That’s rich! Millionaire Macron says he’d be a Yellow Vest for a higher salary

That’s rich! Millionaire Macron says he’d be a Yellow Vest for a higher salary
Protesters in France finally have the sympathies of multi-millionaire Emmanuel Macron. The leader nicknamed “President of the Rich” says he could be a Yellow Vest too, if it means getting paid more.

On Thursday, Macron, a man who reportedly earned millions as an investment banker and has recently been making televised statements to the poorest citizens from rooms dripping with gold, tried a different tactic to align himself with the French grassroots movement demanding his resignation.

In an interview with several French media (BFM TV, Paris Match, Le Figaro) he claimed:

If being a yellow vest means wanting fewer parliamentarians and work being paid better, I am a yellow vest, too!

Macron appeared dismissive of the Yellow Vests calling it a political movement without “a fixed claim and leader” which has been “infiltrated by 40,000 to 50,000 militants who want the destruction of institutions.”

In fact much of the anger of the Yellow Vest movement has been aimed at Macron’s perceived protection of the wealthy establishment. Critics point out that more than a third of his cabinet are millionaires, so hearing the wealthy president play politics with the idea of higher salaries is unlikely to placate the protesters who have been turning out in Paris and other cities to demand his resignation.

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The Yellow Vests have been demanding a so called “Citizens’ Initiative Referendum” on whether to introduce regular popular votes which would let the French public vet government policy proposals.

Macron suggested while he was open to the idea of a public vote, he would not accept anything that undermined the decisions of parliament, and bluntly ruled out a referendum on a wealth tax which cut taxes for the richest citizens, an earlier sign of his desire to protect high salaries.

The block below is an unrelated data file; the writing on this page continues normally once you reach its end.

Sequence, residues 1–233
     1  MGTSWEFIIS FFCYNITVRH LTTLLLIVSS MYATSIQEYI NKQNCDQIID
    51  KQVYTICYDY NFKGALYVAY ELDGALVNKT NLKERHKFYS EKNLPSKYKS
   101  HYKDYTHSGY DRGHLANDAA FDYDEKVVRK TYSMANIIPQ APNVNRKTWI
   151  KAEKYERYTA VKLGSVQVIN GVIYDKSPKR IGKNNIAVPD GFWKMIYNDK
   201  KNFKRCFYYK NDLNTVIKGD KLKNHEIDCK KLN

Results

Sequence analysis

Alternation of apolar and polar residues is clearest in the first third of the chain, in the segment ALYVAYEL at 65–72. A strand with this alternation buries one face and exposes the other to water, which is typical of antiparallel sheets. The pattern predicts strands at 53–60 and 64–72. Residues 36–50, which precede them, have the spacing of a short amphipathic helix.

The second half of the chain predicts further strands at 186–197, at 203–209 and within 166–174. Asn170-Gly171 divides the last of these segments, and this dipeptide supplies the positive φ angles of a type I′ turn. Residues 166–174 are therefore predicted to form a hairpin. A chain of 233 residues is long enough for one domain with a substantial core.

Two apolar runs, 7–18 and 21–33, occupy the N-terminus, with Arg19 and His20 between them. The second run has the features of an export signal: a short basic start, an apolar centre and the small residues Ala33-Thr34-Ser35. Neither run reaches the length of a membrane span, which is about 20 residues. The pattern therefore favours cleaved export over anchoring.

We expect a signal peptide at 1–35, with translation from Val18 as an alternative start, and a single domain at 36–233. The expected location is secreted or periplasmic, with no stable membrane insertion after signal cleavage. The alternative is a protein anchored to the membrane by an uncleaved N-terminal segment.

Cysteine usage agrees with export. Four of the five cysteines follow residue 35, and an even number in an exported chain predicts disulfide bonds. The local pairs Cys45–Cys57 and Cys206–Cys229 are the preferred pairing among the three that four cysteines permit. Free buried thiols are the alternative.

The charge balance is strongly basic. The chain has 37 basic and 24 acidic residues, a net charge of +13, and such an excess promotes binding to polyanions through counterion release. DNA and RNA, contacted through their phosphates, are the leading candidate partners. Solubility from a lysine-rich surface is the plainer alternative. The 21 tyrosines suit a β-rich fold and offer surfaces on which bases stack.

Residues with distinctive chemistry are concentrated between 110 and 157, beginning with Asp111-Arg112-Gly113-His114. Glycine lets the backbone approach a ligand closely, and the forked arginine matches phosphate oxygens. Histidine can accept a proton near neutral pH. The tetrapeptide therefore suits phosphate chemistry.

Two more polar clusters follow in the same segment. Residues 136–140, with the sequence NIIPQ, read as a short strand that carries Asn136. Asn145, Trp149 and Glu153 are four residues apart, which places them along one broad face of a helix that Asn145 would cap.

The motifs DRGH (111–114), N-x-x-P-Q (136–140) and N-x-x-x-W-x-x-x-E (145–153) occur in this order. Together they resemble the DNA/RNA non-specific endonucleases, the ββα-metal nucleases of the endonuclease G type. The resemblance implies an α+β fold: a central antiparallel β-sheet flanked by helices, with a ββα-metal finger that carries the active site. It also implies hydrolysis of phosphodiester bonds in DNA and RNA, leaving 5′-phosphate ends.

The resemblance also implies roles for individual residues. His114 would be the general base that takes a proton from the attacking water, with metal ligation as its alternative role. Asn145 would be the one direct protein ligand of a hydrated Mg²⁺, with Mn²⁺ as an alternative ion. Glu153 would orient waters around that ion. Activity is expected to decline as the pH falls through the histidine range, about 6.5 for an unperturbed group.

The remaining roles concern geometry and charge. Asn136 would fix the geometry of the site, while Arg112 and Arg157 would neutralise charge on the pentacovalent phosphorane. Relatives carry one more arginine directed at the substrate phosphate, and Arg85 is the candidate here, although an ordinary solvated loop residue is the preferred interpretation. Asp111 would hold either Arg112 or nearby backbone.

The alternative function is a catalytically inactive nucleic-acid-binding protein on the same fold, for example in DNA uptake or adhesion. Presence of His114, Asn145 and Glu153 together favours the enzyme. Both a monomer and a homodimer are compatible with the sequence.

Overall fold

The Yellow Vest movement, named after the high-visibility jackets worn by the demonstrators, ignited in November when the government-proposed tax hikes on fuel which disproportionately affected those on the lowest salaries.

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Thousands of people have been protesting on Saturdays and Sundays in Paris and other French cities, with some rallies descending into violence. Hooligans have frequently been seen destroying property and torching cars; while demonstrators have also blocked roads and clashed with police.

Macron’s interview comes amid a big debate in France about a controversial anti-rioting bill, which aims to crack down on the street violence that has marred the Yellow Vest protests.

The bill primarily targets ‘hooligans’ who damage property. However, some MPs are also pushing for harsher punishments for unauthorized protests and people who cover their faces during demonstrations – a move that has been slammed as a “threat to civil liberties,” even among Macron’s supporters.

“I learned a lot from those 20 months. It scared me,” Macron told French media on Thursday.

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